GUELPH, ONT.—A study from a Canadian university has underlined the significant threat the global fin trade poses to many species of sharks and rays.
Dirk Steinke, adjunct professor in the department of integrative biology at the University of Guelph, is one of five authors of the study that determined a majority of samples they obtained came from endangered or threatened species.
Researchers used DNA testing to accurately identify 129 shark fins and ray gill plates purchased from markets in Canada, China and Sri Lanka, and confirmed the parts came from 20 species of sharks and five species of rays.
Of those, Steinke says 12 are listed or have been approved for listing this year in an international treaty aimed at stopping the trade in endangered plants or creatures.
He says that means treaties are doing a good job identifying the growing number of threatened sharks and rays, which are especially at risk because they are slow growing, late to mature and have low birth rates.
Steinke hopes the study’s findings spur the public to demand an end to the sale of shark fins or the use of ray parts for medicinal purposes.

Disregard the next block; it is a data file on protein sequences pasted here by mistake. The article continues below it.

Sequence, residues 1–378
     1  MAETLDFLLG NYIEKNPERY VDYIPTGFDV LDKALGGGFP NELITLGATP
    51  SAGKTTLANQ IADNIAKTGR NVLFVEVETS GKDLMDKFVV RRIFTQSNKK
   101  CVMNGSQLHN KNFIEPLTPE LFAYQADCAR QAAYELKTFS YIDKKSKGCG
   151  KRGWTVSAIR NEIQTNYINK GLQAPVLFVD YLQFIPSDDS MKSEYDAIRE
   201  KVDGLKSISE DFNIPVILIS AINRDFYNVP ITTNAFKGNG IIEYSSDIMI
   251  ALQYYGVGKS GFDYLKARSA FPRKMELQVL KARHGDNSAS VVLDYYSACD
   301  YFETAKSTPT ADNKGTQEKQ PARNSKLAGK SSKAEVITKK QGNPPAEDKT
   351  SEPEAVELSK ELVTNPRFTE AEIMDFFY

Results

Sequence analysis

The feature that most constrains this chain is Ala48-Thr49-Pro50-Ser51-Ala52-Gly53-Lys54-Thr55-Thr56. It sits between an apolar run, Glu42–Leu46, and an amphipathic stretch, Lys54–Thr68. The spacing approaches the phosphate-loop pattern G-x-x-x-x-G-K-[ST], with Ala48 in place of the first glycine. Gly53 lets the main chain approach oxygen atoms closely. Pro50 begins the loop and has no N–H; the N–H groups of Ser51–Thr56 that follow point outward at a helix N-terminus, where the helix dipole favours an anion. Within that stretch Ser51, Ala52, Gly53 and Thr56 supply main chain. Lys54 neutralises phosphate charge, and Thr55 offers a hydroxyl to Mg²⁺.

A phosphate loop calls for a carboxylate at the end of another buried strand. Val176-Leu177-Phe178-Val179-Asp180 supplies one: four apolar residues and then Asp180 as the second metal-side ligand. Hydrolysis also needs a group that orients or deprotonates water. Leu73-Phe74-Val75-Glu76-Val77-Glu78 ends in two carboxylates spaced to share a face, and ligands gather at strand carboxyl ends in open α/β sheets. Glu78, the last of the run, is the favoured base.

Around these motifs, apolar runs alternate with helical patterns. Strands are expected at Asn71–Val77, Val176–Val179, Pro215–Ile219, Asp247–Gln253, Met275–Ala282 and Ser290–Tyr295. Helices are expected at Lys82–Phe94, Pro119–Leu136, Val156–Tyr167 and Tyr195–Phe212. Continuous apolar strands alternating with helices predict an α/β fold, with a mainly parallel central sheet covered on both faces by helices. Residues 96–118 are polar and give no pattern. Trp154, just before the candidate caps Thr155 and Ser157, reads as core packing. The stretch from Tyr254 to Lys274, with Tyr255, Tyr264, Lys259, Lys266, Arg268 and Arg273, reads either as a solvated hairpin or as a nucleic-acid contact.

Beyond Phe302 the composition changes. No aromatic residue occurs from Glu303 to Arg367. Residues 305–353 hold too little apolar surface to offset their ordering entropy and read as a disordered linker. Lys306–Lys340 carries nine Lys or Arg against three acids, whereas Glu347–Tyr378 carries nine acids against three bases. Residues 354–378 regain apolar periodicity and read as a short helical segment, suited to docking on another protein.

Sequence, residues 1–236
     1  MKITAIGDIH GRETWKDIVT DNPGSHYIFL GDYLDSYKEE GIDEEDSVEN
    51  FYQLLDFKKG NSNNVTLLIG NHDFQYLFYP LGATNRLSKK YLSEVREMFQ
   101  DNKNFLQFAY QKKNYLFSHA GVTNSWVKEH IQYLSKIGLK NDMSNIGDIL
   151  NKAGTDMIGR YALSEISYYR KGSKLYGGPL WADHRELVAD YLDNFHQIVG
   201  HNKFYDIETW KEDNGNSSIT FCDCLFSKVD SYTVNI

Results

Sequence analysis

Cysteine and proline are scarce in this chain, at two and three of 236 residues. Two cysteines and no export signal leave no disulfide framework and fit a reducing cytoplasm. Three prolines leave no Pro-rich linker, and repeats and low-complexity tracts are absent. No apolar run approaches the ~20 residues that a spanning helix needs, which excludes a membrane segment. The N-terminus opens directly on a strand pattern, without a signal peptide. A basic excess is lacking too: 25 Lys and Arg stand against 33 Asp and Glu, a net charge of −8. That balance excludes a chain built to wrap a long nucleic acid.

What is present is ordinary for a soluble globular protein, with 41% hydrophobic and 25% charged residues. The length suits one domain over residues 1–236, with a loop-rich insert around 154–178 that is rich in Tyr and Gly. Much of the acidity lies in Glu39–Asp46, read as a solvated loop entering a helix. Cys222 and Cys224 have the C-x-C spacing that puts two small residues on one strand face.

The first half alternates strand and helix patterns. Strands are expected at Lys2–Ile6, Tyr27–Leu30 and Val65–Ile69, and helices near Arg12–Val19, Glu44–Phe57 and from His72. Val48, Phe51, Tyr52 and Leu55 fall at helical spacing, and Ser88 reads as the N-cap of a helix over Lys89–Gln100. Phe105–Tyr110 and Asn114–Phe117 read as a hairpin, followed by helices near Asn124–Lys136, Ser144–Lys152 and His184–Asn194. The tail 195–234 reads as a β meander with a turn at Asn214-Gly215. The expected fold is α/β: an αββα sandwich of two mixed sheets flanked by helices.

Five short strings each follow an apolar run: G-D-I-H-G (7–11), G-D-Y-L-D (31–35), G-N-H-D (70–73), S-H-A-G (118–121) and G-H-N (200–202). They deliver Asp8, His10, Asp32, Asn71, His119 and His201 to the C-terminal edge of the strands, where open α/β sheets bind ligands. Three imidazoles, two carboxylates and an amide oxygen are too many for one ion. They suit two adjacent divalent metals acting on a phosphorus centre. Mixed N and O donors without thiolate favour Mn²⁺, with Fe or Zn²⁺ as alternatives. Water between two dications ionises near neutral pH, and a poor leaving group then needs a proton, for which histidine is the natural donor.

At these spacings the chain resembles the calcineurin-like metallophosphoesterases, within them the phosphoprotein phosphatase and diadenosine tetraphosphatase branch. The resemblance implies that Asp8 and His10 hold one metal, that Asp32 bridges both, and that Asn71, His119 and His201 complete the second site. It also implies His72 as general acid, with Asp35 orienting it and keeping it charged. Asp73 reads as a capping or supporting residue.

“Public pressure, in my personal experience, is usually better because if nobody buys my stuff, I don’t sell it. But I am afraid … all these are very (slow moving) processes and I’m not sure if the sharks of the world have that much time,” he says.
The University of Guelph has been instrumental in building a DNA database that has made the identification of threatened shark and ray species almost 100 per cent accurate, even when items have been dried or reduced to unrecognizable pieces.
Steinke says the size of the sample used in the study is small, but its high accuracy makes it a vital warning for those trying to protect the world’s oceans.
“If our relatively small sample size going to these different markets, by no means a full-blown market study, if they already show these alarming numbers, then it is necessary.”
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